Nintendo DS

Elebits on the DS: Gotta Catch’em All

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image The DS version of Elebits’ title is actually “Elebits: The Adventures of Kai and Zero” which is quite a mouthful — I typically just refer to it as Elebits DS.  This comes in handy when I’m telling everyone I know who has a DS about it. The first thing I tell them is that it doesn’t play like the Wii game. Elebits DS is a blend of Zelda: Phantom Hourglass adventuring and puzzles with the “Gotta catch’em all” mentality of Pokemon.

 

Without giving too much of the story away, let’s just say that Kai stumbled upon a dimension-traveling bus — no, not the Magic School Bus, which accidentally warped him to another another world.  In order to get back to his own world, Kai must find enough Omega Elebits to power the bus home. Unlike regular Elebits, which can be collected by just tapping them and then tapping on your currently selected Omega Elebit before time runs out, Omega Elebits require exploration and puzzle solving to get to.

 

imageEach Omega Elebit has a specific power which helps with map exploration.  For example, after getting the fire Elebit, Kai can access previously blocked off areas by burning the vines blocking the way.   Using each Elebit wisely is all part of progressing through the game.  In the beginning, figuring out what I needed to do was easy, but the game picks up in difficulty after about the third Omega Elebit.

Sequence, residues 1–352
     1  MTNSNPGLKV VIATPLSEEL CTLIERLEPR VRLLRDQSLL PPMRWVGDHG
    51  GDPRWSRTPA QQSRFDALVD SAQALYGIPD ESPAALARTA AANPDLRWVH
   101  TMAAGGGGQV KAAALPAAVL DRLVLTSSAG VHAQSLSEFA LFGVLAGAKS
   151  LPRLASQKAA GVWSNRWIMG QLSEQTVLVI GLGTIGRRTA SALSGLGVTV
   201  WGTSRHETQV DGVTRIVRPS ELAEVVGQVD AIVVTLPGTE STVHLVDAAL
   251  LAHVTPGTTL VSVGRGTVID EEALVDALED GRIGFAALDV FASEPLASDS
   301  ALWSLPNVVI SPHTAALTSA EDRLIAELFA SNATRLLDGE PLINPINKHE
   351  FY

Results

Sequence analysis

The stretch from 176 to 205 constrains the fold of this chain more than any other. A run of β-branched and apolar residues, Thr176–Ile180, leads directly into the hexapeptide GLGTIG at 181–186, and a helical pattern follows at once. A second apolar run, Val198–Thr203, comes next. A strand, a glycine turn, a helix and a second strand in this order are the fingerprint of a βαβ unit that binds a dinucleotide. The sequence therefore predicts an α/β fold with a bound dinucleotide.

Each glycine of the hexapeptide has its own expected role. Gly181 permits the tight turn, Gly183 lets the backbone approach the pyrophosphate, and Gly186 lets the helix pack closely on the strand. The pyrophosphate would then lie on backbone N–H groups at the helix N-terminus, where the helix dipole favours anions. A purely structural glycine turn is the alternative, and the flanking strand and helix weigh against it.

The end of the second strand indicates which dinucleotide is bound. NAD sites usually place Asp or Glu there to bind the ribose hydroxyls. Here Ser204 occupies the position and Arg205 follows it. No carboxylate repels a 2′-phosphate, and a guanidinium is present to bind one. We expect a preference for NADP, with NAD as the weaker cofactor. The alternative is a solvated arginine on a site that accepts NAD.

Guilty of judging a book by it’s cover, I was surprised when I found myself enjoying the game so much.  I thought it would be geared toward younger children, but the crisp, charming graphics and puzzles kept me entertained for a long time.  I especially enjoyed figuring out what the trick to each boss fight was.  I thought it would become a chore to shake trees and look under rocks for normal Elebits to charge up my battery so that I could turn on levers and open doors, but it became a fun mini-game to see how big of a combo I can get before time runs out.

 

The story isn’t anything to write home about, but the game-play and puzzle elements make this Elebits game a welcome addition to my DS library.  It might be blasphemy to say so, but I enjoyed it more than Phantom Hourglass.  It makes me sad that this game will be overlooked by most gamers because of its kiddie cover or the Elebits name.  Hopefully, gamers who look past all that will find an adventure game with pleasant graphics and decent puzzles.

 

Images courtesy of Konami.

Louise Yang